This biography of a living person needs additional citations for verification. (June 2011) (Learn how and when to remove this template message)
James Kahn is an American medical specialist and writer, best known for his novelization of Return of the Jedi. Born in Chicago on December 30, 1947, Kahn received a degree in medical studies from the University of Chicago. His post-graduate training, specializing in Emergency Medicine, was completed at USC-LA County Hospital and UCLA. His original work includes three novels in the New World series: World Enough, and Time (1980), Time's Dark Laughter (1982), and Timefall (1987). As well as Return of the Jedi, he wrote the novelizations of the films Poltergeist and Indiana Jones and the Temple of Doom. He has also written for well-known television series such as Melrose Place and Star Trek: The Next Generation. He was the producer of Melrose Place from 1996 to 1998.
James Kahn was born in Chicago in 1947, and began playing the guitar at age 12. He graduated from Maine Township High School West in 1965; then attended the University of Chicago, where he majored in Biology, drew a draft lottery number of 3, became involved in the anti-Vietnam War movement, participated in the 1968 Democratic Convention riots, and studied with the Byronic scholar Jerome McGann. When, during his fifth year in the college, his short story, "The Box", won second place in a U. of C. contest, one of the judges, Daryl Hine, sent Kahn's story to Playboy magazine, which bought it and published it in March 1971 - marking Kahn's debut as a professional writer.
Kahn went to medical school at the University of Chicago, as well, graduating in 1974. In 1973 he had another short story, "Mobius Trip," published in the short-lived, Chicago-based magazine Gallery. He did a medical internship at the University of Wisconsin at Madison, then took a year-long hiatus during which he wrote his first novel, Diagnosis: Murder, which was later published by Carlyle Press, now defunct. He proceeded to do the first year of a Residency in Emergency Medicine at L.A.County Hospital/USC then took off another year in his training program to work various emergency departments around Los Angeles. He finished his Residency training at UCLA, where he helped create the residency program in Emergency Medicine, and subsequently became part of the group of specialists who created and then ran the emergency department at St. John's Hospital in Santa Monica, California.
It was during this period that he wrote his science fiction trilogy - World Enough, and Time; Time's Dark Laughter; and Timefall - the first two published by Del Rey Publishing, the third by St. Martin's Press, which later published his medical thriller, The Echo Vector.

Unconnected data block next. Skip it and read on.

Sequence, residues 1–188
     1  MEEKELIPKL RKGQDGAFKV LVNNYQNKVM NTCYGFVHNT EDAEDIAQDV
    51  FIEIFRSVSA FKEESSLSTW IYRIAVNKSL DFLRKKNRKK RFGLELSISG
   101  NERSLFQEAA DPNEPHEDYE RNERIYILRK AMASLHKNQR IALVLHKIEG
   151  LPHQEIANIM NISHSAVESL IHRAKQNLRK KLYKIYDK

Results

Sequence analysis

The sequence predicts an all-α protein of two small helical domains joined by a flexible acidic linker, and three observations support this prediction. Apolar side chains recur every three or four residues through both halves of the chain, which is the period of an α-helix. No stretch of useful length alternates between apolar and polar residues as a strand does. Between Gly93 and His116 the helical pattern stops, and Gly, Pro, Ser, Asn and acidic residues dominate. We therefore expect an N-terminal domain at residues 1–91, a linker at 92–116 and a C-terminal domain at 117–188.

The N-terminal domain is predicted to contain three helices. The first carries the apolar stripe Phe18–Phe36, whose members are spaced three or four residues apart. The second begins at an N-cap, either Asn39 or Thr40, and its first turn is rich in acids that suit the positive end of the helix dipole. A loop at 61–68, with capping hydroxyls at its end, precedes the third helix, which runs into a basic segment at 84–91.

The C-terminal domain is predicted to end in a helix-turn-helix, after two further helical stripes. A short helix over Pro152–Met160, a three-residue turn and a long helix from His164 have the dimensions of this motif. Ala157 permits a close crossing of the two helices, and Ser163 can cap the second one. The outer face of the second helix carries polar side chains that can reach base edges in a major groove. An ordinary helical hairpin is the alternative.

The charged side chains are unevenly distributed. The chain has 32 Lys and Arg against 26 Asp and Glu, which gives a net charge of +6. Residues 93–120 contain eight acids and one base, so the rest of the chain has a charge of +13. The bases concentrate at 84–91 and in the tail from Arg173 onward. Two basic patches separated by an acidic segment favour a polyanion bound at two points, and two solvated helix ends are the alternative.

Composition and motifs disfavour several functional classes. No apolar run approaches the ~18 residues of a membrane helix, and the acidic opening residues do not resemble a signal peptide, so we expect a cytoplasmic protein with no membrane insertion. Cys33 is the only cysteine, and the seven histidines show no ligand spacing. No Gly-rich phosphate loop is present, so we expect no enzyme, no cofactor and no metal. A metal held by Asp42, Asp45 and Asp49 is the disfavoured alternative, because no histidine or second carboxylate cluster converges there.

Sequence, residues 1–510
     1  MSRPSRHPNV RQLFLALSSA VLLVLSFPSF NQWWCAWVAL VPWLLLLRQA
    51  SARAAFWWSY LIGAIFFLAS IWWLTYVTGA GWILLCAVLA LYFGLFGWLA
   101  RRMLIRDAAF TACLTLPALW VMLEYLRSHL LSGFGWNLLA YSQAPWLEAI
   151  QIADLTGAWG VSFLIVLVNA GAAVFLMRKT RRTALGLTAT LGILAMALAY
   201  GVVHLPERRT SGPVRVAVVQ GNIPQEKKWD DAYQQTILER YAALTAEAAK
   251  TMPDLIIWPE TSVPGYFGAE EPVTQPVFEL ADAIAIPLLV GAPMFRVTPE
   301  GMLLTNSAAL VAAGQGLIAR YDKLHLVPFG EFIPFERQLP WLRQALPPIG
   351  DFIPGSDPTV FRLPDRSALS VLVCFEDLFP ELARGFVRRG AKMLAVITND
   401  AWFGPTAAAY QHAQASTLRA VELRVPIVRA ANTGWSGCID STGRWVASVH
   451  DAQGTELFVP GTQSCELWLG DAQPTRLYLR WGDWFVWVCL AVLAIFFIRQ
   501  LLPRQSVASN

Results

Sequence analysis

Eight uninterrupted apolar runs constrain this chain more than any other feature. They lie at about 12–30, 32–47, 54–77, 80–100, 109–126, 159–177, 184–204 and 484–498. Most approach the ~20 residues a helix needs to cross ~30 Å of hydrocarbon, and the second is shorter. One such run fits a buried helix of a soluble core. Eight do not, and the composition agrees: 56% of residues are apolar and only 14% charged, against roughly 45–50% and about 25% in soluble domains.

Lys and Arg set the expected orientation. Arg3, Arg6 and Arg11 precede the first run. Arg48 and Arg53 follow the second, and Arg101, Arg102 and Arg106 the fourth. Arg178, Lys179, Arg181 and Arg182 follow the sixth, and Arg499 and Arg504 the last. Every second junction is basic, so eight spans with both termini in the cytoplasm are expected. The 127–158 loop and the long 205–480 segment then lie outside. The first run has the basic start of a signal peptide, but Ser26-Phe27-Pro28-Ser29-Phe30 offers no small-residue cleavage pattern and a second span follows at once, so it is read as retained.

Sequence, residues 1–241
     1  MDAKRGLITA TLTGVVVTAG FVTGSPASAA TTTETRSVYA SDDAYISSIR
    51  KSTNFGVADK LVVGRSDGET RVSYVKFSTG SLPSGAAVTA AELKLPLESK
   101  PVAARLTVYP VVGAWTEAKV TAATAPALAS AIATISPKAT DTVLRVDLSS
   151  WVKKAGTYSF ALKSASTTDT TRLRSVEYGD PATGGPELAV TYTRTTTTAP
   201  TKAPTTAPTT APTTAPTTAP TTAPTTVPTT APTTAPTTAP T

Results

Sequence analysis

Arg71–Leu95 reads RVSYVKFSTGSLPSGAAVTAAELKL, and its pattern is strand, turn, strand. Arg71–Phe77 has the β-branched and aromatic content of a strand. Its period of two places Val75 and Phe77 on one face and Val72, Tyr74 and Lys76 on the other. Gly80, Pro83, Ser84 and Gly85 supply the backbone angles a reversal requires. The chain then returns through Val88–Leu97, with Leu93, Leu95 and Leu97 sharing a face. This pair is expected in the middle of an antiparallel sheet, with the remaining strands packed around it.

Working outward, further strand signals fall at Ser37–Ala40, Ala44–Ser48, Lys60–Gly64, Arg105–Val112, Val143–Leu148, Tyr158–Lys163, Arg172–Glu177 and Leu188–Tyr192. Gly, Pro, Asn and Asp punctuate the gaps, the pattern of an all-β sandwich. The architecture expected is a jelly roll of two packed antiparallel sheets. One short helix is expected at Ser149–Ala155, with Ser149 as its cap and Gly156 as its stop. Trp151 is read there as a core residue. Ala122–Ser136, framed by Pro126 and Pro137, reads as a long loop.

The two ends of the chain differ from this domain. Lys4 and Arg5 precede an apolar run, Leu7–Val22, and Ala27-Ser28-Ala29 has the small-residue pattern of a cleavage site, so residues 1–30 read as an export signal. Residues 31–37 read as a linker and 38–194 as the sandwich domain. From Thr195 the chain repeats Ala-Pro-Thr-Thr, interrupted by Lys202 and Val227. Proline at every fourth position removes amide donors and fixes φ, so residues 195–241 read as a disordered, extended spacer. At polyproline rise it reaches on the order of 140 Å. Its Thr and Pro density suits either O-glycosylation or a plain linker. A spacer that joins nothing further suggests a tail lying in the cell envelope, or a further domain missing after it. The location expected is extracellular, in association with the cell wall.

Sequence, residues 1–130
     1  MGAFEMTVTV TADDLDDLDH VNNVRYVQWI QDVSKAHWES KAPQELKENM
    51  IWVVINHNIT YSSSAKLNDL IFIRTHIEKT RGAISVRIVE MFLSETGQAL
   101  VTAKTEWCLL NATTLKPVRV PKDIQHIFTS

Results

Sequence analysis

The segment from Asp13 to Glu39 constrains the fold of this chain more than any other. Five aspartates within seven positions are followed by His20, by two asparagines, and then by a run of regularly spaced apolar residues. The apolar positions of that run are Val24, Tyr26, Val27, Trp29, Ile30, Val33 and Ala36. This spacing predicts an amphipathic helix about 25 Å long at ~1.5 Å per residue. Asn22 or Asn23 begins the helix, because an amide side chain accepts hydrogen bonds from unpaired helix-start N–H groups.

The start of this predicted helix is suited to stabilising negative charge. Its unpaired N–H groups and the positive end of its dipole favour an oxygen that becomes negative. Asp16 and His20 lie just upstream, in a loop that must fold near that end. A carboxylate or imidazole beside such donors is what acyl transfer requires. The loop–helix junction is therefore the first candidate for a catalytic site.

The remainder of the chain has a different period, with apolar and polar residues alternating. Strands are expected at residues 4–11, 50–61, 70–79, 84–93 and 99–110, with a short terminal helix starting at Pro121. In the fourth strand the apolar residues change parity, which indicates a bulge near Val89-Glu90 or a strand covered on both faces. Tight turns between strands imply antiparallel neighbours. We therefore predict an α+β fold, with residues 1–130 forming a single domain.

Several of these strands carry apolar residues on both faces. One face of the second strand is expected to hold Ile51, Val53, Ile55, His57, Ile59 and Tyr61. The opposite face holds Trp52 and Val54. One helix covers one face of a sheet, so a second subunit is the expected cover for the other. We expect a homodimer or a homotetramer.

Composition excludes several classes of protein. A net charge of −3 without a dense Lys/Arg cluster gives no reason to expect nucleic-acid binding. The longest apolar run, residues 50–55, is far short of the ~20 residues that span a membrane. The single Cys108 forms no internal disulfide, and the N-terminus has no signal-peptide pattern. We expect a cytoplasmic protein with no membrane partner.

While working at St. John's Hospital, he and others in the emergency department there were contacted by Kathleen Kennedy and Melissa Matheson soliciting technical assistance in the resuscitation of an alien. Kahn and others were invited to join the cast and crew in the production of the Steven Spielberg film E.T. the Extra-Terrestrial (at that time tentatively titled A Boy's Life). In the film, Kahn plays the doctor who confirms E.T.'s death. While on the set, Kahn gave a copy of his novel, World Enough, and Time, to Spielberg - which resulted in Kahn getting the assignment to novelize the movie Poltergeist, then in post-production.
Kahn did several more novelizations after that - Return of the Jedi, Indiana Jones and the Temple of Doom, The Goonies and Poltergeist II. During this period he also began to get television work, writing first for St. Elsewhere, and later, E/R - a sitcom about an emergency department starring Elliott Gould and Mary MacDonald, in which Kahn created the character of a teen orderly named Ace, played by a young George Clooney.
Kahn wrote primarily for television for the next 20 years. Among the series he worked on were Family Medical Center, Star Trek: The Next Generation, Beyond Reality, TekWar (created by William Shatner), Medicine Ball, Xena: Warrior Princess, Melrose Place (which he also co-executive produced in its last years), Star Trek: Voyager (also Supervising Producer) and All My Children (for which he and the writing staff were Emmy-nominated).
Later, under the tutelage of singer-songwriter Kate Wallace, and music producer/multi-instrumentalist David West, he focused more on writing music, releasing the Americana/folk CD Waterline in 2011, followed by the music video/short film Dolores Quits Dancing, the first song from his second album, Roadhouse Full of Blues (set for release in 2012).